[I have] two prolapsed discs in my back. One of them is ruptured and it causes […] my posture to be quite out of kilter, and my spine sort of sags over to the side, which means it presses on all the nerves […] Doctors can’t do anything for it […After my first injury] I was just in agony, my eyes were red with pain, and I could not function like that […] When I went to see my doctor […] I said, ‘Look, I just need something to relax my muscles, I need something’. He said, ‘The only thing that’s going to do that is Valium [and] I can’t give you Valium because you’ve got a past history of addiction. You can’t have that. What I can give you is Panadeine Forte for the pain’ […] But when my doctor gave me Panadeine Forte, it blew my stomach up because I’m allergic to it […] and that caused more pressure, more pain […] My back was stuck on an angle like that for months and months […until] I made an appointment to see this other doctor who was what I would term a dodgy doctor […] but you know what? He listened to me, and he gave me Valium and Endone and […] it’s really helped me so much […] I have to be made to feel like a doctor shopper, and go to one particular doctor to get my medication, and then I go to another doctor if I’m actually sick. He’s a very good doctor, but he will not prescribe me something that I need.
A regular routine of meditation, yoga and Reiki (a Japanese therapeutic technique) helps Nadia cope with chronic back pain.
The yoga supports me through [the pain associated with my back injury]. If I didn’t have that, I’d be in pretty bad shape, but yeah, it supports me through it. I can’t do all the fancy [yoga positions] anymore, but it’s still [….] really good to have that tool for healing.
You know, I put up with [the back pain] to a certain extent […] But if it’s 10 am, you’re better off to just take one [Endone®], or take half of one, or just do something, you know. So you try everything else first and that’s sort of like the last option that I take.
I do about two hours’ worth of yoga, meditation, Reiki. I don’t know what you call it. It’s sort of a mixture of everything, every morning. That’s really great for my physical health, it’s really great for my mental health, it sort of ties me together as a person, and it allows me to feel, I guess, the same open-mindedness and sense of exhilarated awareness that I felt when I was taking other kinds of psychedelic drugs years ago, but this is true, this is real. This is not something that’s chemically induced. This is something that I’m doing, like I am doing this all myself.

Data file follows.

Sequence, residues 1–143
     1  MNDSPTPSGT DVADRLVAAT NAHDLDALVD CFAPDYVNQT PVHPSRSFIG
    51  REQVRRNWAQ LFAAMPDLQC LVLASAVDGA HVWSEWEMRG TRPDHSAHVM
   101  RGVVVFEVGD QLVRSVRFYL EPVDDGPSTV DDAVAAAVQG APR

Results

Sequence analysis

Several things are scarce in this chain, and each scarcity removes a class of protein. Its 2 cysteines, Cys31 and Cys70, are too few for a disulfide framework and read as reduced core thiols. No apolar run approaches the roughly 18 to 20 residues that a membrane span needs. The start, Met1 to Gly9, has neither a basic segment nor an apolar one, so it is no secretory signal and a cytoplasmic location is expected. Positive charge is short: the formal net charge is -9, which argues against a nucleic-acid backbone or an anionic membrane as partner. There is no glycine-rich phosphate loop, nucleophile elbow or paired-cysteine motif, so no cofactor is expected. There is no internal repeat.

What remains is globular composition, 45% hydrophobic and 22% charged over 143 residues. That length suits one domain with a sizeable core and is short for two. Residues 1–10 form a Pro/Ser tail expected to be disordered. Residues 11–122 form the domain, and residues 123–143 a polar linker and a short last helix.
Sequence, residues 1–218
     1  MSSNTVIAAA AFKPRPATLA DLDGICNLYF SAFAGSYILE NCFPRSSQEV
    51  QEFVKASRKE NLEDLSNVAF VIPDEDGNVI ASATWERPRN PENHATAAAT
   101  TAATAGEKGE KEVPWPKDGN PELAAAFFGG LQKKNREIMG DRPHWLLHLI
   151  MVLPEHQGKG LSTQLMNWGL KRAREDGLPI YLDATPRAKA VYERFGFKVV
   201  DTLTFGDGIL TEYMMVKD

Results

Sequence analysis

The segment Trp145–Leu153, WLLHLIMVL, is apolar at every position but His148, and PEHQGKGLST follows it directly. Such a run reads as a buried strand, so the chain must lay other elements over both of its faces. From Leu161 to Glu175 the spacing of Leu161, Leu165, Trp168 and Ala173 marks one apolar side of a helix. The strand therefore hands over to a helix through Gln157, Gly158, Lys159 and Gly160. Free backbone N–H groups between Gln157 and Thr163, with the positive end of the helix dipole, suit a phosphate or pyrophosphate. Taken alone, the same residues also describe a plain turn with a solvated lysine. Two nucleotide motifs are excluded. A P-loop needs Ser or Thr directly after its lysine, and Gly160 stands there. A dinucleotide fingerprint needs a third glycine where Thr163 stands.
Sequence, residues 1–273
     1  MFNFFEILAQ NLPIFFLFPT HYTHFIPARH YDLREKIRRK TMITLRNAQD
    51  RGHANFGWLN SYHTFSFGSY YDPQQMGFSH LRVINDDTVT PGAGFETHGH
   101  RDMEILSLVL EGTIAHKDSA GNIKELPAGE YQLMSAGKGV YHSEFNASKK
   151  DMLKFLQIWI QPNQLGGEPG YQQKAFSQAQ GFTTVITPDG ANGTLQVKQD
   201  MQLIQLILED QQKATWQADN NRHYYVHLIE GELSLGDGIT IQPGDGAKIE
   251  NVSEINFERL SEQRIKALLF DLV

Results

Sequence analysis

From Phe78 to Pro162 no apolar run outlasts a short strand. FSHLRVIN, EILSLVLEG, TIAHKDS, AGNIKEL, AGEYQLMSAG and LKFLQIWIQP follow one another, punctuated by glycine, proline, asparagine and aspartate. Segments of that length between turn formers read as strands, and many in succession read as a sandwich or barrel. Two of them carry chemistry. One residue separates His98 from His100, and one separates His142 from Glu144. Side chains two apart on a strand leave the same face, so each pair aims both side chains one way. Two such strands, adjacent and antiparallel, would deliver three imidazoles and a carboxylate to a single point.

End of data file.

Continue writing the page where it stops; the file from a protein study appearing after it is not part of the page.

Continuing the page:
Having a good diet and enough sleep is crucial to Nadia’s health.
I believe I’m doing everything I can for good healthcare. I believe that diet is extremely important, and it’s at the forefront of everything. Also, good sleeping patterns is something else that’s massively important. If you don’t get up at a reasonable hour, and that includes weekends, and if you go to bed too late, how are you ever expected to be in good health? You’re not.
I believe cigarettes are the devil and that’s something that’s a bigger problem for me than any other drugs because of the way I feel when I smoke […] I don’t always smoke and I feel terrific when I don’t. But when I feel sad, yes, sometimes that’s my thing that I go to. Then I have a whole bunch of them and I feel sick, and I don’t want to do it anymore and I stop. You know, that’s it until next time, so I believe that it’s vital that someone with a bad back, because […] you’re putting so much filth and rotting out your body with this toxic stuff [prescribed opioid painkillers], it’s important to keep your body as pure as possible […] It’s also important to keep your environment and your life as stress-free as possible.
I found that when I look after myself, and I don’t work in jobs where people are draining my energy all the time and being just bullies, then my spine is in much better health, and I have more energy for myself and my [children]. Yeah, but I do believe that taking these pharmaceutical medications [prescribed painkillers: Valium and Endone], they’re invented for a reason and this is probably the reason […] These drugs were made for me, and people like me.